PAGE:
By Joseph Walter
Like all of these early anime juggernauts, Sailor Moon was edited for content, and its scripts were "Westernized" or "Americanized" at the behest of worried producers in order to appease to an audience that they thought wouldn't understand the concept of shows being made in other countries.
Prominently for DBZ and Sailor Moon, their original musical score were entirely stripped and replaced with a new one for American audience. This subject riles up diehard fans of both shows, but I'm going to take the controversial stance that Sailor Moon's new soundtrack, composed by Bob Summers, is actually better than the Japanese original. Hell, I'm dying for a full release, and prepared to fight for it!
For this week's Soundcheck, I'm discussing some of my favorite cues from the localized score of Sailor Moon. Now, the selection of these is partly based on how much I love them (a lot) but also because they are a handful of the very few officially released portions of the score.
Tuxedo Mask's extended theme, for example, was never released, nor were any of the love themes or other dreamy compositions, and it's a bummer. So, once again, fingers crossed for a full release, but, in the meantime, let's enjoy what we do have.
Click on the song titles to give them a listen!
The noble brass and dancing strings at the start gracefully explode into what can best be described as magical fairy dust, excellently setting the stage for Sailor Moon's graceful metamorphosis.
The oboe synth lays out the ground work for the transformation motif, creating a sensation that what we are about to see is both mysterious and gorgeous, if not slightly somber. It is quickly joined by the full synthetic orchestra, as the brass and strings swirl around it to the beat of a 90s drum machine.
The swell at :21 coupled with the magical, echoing sound effect is such an iconic moment, and it's the second rendition is wonderfully backed by a smash of timpani at :29.
The final climax of layered brass and the stand-offish conclusion that settles the entire orchestration into a wall of power are a great way to close off the piece and give the necessary impact to Sailor Moon's transformed state.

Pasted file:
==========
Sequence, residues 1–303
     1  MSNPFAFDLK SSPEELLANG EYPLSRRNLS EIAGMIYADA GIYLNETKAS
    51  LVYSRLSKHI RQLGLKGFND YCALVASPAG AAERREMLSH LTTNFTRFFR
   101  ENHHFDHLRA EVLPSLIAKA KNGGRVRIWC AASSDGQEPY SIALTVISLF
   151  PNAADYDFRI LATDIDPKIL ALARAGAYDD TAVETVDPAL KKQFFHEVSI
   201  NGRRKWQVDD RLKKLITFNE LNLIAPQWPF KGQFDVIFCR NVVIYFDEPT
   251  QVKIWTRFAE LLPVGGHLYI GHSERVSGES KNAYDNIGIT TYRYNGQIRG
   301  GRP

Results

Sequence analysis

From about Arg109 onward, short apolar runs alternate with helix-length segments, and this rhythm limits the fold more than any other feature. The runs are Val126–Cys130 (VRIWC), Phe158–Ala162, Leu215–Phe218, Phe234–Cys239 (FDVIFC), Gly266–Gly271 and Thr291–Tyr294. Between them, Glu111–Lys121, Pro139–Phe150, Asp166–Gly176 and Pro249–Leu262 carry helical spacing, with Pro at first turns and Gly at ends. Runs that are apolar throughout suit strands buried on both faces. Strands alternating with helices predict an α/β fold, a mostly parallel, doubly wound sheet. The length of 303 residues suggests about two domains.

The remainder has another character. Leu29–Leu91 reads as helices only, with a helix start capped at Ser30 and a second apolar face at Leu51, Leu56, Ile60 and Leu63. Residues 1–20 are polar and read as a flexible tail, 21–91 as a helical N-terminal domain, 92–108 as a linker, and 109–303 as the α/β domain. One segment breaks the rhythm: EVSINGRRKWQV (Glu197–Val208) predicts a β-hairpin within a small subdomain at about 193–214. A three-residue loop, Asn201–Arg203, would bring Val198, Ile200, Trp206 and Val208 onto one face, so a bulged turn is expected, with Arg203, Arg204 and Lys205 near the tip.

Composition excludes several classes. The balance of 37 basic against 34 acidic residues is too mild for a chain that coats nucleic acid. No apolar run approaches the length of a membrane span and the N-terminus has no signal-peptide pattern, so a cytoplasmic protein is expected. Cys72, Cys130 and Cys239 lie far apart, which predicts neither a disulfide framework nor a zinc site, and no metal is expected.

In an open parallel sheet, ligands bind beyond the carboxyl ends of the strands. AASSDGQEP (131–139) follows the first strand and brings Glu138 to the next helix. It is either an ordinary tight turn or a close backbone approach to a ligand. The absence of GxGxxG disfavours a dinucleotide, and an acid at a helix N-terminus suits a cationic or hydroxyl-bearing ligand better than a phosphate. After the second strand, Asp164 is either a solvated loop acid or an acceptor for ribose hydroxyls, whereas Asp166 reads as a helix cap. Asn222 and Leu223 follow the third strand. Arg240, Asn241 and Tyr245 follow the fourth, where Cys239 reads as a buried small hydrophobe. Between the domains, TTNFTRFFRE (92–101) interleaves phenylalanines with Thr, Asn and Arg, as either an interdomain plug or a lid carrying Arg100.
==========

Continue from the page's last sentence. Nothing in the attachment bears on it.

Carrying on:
It's hard to adequately describe what works so well with this track; it just perfectly captures the build-up and excitement of the transformation, while simultaneously nails everything you need to understand about the series in musical form. It's dreamy, romantic, cool and, honestly, epic.
The funky bass line, the brass flourishes and strong, noble theme build-up Sailor Moon's finishing move gloriously, and then it all perfectly concludes with the dissonant scattering to accompany the destruction of the monster-of-the-day.
Starting with a rather cheesy synthetic string version of Bach's Toccata, it's followed by an eerie by an eerie series of pained, drawn out notes, which are the basis of the main theme.
The song then transitions into full-power, with this brooding, bubbling version of the previous drawn out notes. Heavy synths, deep bass, and a sprinkling of high-pitched, spooky notes, conjures an atmosphere that sounds exactly the way Queen Beryl's lair looks.
An incredibly well done piece.
The opening, dreamy harps, the first, noble hit of brass, and then the driving drums, bass and bad-ass horns do the job, and the piece ends on a rather ominous note, giving the whole thing a great sense of story-telling.
It's cheesy as all Hell but... like... why is it so good?
It plays during Sailor Moon's climactic final battle with Queen Beryl and, honestly, I wouldn't have it any other way.
Cheesy lyrics about the power of friendship and teamwork are backed by a sick guitar playing and a catchy theme, perfectly coming to a dreamy head with a solo and then, at 1:11 a magical series of notes that explodes into a powerful, guitar driven climax before returning to the refrain.
Do yourself a favor and watch this final battle on YouTube. Seeing the imagery and this song intertwined may just bring a tear to your eye, as it has mine.
"Power of Love" accompanies Sailor Moon, the Sailor Scouts, Tuxedo Mask and even the 900 year-old toddler, Rini, in their fateful and ultimate encounter with the Doom Phantom during the show's second season.
Once again, incredibly cheesy lyrics accompany a very, very 90s pop song and yet... again... like, why is is this so epic? Is it nostalgia? Or is it because it's just honestly this awesome?
You've... you've just gotta believe in the power of love. That's all there is to it.
Really, watch this final battle, too. The song fits perfectly, and, really, it gives me chills.
The lyrics are far too on-the-nose, talking about "Prism Power might," and what not, but God, if it doesn't work in context.
Perhaps most intriguing is that this song was performed by Stan Bush. Yes, Stan Bush, the one that gave the Transformers "The Touch." And somehow, someway, that makes it even better.